People who have a potentially dangerous reaction to heparin or heparin-like drugs (a condition called heparin-induced thrombocytopenia, or HIT) may benefit from argatroban. However, make sure to review information on this medication's safety issues before beginning treatment, as argatroban should not be given to people with certain medical conditions or those who are taking certain medicines.
Argatroban is approved to prevent or treat blood clots in people with HIT. It is also licensed for use in people who have HIT or are at risk for HIT and have to undergo an angioplasty procedure. Although argatroban does not break down blood clots, it can help slow down their formation to allow the body more time to break them down naturally.
Argatroban is administered intravenously (by an "IV drip") by a healthcare provider in a healthcare setting. Possible side effects include chest pain, diarrhea, and bleeding.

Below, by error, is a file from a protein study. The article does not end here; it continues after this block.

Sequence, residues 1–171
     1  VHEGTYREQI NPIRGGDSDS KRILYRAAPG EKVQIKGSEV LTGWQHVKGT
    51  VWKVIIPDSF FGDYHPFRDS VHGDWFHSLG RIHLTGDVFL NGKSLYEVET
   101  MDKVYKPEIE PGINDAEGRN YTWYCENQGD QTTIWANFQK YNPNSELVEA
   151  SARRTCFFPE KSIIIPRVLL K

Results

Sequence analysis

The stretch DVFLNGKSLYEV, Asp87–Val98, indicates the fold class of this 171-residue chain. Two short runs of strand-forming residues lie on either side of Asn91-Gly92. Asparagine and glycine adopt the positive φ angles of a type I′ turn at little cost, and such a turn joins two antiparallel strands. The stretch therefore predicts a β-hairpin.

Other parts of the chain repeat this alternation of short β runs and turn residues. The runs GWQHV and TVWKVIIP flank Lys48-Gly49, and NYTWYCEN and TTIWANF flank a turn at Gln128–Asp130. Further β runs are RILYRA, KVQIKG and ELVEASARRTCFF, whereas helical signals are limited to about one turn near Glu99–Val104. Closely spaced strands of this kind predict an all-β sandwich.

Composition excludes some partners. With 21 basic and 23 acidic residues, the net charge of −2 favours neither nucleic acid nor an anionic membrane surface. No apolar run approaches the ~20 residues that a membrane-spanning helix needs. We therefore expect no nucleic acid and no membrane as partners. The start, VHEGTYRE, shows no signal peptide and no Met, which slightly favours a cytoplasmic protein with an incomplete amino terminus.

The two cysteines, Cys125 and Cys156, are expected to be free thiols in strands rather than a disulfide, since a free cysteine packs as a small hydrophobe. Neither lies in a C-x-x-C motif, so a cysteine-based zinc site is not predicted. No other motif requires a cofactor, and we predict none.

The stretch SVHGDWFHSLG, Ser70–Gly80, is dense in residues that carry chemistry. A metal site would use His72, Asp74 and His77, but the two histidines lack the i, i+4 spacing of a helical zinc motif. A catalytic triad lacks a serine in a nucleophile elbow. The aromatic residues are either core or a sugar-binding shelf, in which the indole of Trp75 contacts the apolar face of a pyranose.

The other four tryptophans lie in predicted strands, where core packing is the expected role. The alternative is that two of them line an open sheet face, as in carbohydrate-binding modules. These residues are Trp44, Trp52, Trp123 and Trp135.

(For more information on this medication, click Argatroban. This article offers a complete overview on this medicine, including how it works, details on safety and effectiveness, and dosing guidelines.)
Written by/reviewed by: Arthur Schoenstadt, MD
Last reviewed by: ArthurSchoenstadt, MD
List of references (click here):
Argatroban [package insert]. Research Triangle Park, NC: GlaxoSmithKline;2009 March.
Food and Drug Administration, Center for Drug Evaluation and Research. Electronic orange book: approved drug products with therapeutic equivalence evaluations. FDA Web site. Available at: http://www.fda.gov/cder/ob/. Accessed January 4, 2012.
Briggs GG, Freeman RK, Yaffe SJ. Drugs in Pregnancy and Lactation. 8th ed. Philadelphia (PA): Lippincott Williams & Wilkins;2008.
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